Poetry composition could be a grueling test. In this imagined encounter between Aurangzeb and Vrind it becomes the skill to be measured in an interview-like situation. And sometimes samasyapurti was actually a test. Records from an eighteenth-century Braj academy in Bhuj, Gujarat, for instance, indicate that filling in verse lines was a component of the annual examination of aspiring court poets.68 In a courtly rather than educational context, the clever handling of a samasya was an entertainment for onlookers. Both Vatsyayana (author of the Kāmasūtra, a famous treatise on erotics) and Rajashekhara included samasyapurti in their enumerations of characteristic courtly pastimes.69

One rare account of what by all indications was a real samasyapurti in a Deccan court context comes from Jayarama Pindye’s Rādhāmādhava­vilāsacampū (Love Play of Radha and Krishna, c.1650), a collection of mixed Sanskrit and vernacular poetry performed for the Maratha king Shahaji Bhonsle (father of Shivaji). Both Shahaji and his son were well-known seventeenth-century patrons of riti poetry in Brajbhasha, but they also hosted pandits, poets, and connoisseurs conversant in numerous deshabhasha or regional vernaculars. Jayarama Pindye, unusually, claims to be proficient in twelve languages, and his Rādhāmādhavavilāsacampū features poetry in all of them.70

The text also brims with evidence about performance. In a passage near the beginning of the sixth canto, the recitation of what has until this point been exclusively a Sanskrit text is briefly interrupted as Jayarama is formally introduced at court. Here the language of tellings becomes particularly explicit. Jayarama’s poem, we are informed, is being intently read out loud (asmin prabandhe pāpaṭhyamāne) before a community of connoisseurs (rasikajanasamāja), who after hearing it are overcome with wonder (tacchravaṇena paraṃ kautuhalam avāpya) and address the professional cantor (prabandhapāṭhakam) to learn more about the provenance of the work and its author.71 Throughout, Jayarama frequently invokes the language of listening with words like śrotavya (“to be heard”), śrotum (“to hear”), and ākarṇya (“having heard”).72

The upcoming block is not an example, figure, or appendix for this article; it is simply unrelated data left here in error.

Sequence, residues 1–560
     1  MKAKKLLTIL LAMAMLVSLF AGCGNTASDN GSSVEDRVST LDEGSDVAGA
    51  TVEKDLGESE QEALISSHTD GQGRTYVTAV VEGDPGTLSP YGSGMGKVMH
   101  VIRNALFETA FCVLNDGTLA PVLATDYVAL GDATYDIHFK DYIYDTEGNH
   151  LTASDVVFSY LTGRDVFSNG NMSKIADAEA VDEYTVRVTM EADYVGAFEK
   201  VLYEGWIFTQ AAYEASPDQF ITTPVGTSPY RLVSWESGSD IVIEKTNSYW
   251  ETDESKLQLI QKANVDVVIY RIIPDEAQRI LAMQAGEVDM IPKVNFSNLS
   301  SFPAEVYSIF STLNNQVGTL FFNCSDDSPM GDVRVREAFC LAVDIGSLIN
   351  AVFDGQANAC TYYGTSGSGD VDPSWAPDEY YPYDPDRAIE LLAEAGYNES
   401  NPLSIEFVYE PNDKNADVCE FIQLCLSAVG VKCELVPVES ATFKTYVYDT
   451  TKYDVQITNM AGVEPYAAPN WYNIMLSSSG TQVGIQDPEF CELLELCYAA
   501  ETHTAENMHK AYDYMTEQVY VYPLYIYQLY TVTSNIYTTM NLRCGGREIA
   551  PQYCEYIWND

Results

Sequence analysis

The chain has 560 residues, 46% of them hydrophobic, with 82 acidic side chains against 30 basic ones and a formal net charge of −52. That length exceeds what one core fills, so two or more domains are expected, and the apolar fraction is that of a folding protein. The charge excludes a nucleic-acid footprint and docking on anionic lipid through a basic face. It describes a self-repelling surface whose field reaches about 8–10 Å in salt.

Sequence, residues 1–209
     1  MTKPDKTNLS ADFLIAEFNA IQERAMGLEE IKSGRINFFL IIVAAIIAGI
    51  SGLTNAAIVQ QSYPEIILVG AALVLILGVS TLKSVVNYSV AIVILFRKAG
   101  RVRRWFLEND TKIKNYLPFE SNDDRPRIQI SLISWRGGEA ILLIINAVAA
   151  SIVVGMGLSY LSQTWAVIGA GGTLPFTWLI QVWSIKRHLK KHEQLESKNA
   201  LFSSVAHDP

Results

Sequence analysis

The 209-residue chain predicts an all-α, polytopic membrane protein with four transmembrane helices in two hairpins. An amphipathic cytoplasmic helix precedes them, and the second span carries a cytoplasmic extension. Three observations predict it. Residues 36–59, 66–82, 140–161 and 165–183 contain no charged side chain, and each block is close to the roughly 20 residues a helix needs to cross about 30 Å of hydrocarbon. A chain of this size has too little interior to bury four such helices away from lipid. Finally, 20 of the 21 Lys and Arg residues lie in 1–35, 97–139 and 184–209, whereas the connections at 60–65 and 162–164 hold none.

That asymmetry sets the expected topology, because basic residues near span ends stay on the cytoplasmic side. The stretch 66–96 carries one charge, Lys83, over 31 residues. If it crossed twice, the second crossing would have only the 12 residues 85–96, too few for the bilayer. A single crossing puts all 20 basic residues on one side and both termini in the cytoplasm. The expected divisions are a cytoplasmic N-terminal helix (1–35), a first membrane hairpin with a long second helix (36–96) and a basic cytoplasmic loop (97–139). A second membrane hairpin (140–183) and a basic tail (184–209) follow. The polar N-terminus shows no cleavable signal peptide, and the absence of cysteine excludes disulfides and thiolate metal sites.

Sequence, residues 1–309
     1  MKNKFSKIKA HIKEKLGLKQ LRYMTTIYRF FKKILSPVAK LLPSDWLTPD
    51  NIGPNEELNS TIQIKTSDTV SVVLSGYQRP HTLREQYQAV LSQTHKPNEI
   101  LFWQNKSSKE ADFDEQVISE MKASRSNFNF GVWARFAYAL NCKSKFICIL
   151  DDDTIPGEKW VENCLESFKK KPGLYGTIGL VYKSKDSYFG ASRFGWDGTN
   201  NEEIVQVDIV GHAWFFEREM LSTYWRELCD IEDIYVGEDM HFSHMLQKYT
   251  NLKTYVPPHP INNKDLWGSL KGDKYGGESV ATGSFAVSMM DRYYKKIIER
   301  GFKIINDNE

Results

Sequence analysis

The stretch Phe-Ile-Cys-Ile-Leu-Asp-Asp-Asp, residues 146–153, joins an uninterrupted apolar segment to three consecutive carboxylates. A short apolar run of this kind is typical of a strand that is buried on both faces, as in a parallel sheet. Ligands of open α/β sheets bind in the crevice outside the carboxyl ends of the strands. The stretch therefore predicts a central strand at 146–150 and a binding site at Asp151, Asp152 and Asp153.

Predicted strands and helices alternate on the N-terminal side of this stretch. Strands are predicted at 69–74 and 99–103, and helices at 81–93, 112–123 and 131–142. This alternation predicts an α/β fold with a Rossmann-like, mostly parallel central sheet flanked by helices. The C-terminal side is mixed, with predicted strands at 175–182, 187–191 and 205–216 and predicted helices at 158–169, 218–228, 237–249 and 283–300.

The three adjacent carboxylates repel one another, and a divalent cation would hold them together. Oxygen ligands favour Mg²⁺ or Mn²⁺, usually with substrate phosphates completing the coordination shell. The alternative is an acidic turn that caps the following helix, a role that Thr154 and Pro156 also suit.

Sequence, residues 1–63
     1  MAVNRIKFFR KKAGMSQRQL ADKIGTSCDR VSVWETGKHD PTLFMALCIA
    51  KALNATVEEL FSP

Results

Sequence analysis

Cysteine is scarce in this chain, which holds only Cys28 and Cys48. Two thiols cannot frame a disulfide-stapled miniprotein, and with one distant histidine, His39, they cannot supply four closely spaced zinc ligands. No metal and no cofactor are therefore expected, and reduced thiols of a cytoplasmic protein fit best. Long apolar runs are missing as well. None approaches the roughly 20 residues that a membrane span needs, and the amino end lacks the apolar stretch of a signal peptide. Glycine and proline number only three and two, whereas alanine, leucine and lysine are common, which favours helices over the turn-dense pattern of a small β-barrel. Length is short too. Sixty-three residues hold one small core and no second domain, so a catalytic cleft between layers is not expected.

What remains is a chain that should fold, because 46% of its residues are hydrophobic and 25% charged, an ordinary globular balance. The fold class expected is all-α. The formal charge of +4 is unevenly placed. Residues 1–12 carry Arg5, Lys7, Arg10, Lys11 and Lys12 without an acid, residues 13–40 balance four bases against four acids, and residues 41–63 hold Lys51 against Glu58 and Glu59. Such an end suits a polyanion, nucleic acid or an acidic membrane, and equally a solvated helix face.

The sixth canto is also the occasion for a samasyapurti competition in the court. One by one, various individuals (often named, underscoring the likely historicity of Jayarama’s account) enter the arena to present their verse(s). The Sanskrit authors are, predictably, Brahmans, some of whom have professions and talents with close connections to performance. Thus, Nilakantha Bhatta and one Tukadeva are praised for their skill in reciting the Puranas, and Vireshvara Bhatta is lauded as a “bee on the lotus in the lake of musical nectar”.73 The samasyas often consist of an intriguing first or last line, or sometimes just a partial line. “What shall I do, lord who reigns over Varanasi [Shiva]?” engenders a lament about the futility of learning and pious behaviour when all who die in this holy place—even the lowborn—are automatically granted release.74 Nilakantha Bhatta has to complete a verse that ends with the phrase “why a dispute about the goad when the elephant has already been sold?”75 Prahlada Sarasvati, justly extolled as “a gladdener of the hearts of poets”, is successful in completing the samasyagatāgatair eva gatā triyāmā” [the night passed in equivocation] using a clever yamaka (homonym, a subspecies of the pun) that plays on the word Rāmāyaṇa: